English Lesson: “In My Mind” Vs “On My Mind”

In this post, let’s clarify two prepositional phrases:

  • in my mind
  • on my mind

Truth be told, you’re not really going to use “in my mind” all that much. If you hear it, it just means “in my opinion”. So why not use in my opinion? Exactly!

“On my mind” will be way more useful for you because it’s more conversation-pertinent. You can ask someone who looks worried, “What’s on your mind?”

And if someone asks you, “Hey, what are you thinking?” You can respond with, “X is on my mind”.

Just be careful not to double dip– that’s the quickest way to stalling your speech fluency. Here’s a basic example:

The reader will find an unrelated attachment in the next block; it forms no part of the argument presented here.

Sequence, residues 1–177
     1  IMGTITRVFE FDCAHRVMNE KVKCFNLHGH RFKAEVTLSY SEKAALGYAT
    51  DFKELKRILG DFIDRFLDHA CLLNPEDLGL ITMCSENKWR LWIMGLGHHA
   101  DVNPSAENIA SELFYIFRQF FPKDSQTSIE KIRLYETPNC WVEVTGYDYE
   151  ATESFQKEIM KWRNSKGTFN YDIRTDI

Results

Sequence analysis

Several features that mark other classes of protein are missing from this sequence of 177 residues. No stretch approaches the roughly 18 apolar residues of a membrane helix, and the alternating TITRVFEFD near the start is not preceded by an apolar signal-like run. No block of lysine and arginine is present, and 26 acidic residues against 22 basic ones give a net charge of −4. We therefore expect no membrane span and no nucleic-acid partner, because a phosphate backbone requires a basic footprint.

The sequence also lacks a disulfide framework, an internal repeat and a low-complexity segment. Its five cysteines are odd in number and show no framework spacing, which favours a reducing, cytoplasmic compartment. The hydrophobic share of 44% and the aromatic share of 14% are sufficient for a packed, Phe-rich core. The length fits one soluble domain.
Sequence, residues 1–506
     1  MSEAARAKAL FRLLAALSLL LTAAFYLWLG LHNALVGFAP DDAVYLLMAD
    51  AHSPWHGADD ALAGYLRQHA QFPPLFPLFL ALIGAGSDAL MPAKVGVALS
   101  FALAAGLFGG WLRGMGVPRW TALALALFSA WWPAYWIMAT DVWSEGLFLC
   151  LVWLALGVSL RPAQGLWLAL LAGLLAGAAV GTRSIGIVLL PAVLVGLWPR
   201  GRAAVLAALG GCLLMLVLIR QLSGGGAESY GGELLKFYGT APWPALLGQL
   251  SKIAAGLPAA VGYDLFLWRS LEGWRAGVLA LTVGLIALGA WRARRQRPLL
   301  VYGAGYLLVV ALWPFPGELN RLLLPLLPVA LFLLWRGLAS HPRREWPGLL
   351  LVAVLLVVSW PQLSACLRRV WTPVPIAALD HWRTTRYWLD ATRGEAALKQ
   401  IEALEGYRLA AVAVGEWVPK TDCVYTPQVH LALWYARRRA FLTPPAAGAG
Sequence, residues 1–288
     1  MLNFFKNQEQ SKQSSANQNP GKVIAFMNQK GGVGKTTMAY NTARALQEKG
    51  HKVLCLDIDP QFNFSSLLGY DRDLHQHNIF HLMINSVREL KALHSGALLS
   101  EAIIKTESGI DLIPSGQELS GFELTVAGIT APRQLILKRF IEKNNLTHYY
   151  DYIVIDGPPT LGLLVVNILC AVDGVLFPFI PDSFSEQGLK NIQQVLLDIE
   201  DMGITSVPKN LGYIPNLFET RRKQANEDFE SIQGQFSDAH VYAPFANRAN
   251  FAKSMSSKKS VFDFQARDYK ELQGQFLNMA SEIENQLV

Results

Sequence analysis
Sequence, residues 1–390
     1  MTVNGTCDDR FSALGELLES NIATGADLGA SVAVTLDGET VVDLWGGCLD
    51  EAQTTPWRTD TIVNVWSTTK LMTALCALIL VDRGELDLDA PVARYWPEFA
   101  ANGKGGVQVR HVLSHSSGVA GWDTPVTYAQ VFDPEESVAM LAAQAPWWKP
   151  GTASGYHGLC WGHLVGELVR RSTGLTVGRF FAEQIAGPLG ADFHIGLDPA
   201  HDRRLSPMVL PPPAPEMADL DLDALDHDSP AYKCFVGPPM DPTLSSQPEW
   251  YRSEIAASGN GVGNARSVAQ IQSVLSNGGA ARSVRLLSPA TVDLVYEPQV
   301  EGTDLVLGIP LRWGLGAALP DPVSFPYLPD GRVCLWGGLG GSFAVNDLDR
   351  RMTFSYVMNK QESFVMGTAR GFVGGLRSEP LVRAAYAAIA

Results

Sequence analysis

• “What’s your favorite movie of all time?”
  • My favorite movie of all time is…

Using too close of the same wording makes you sound like a robot. So in a similar way, avoid using “on my mind” like this:

  • “What’s on your mind?”
  • X has been on my mind.

Again, choose one or the other. Don’t use them back to back.

If you’re interested in learning more conversational English like this, connect with Jon to sign up for online private English coaching or face-to-face sessions in Boston. We’ll work on making you sound like a native speaker.

Published by Jon Dao

Formerly, the Conversation Coach

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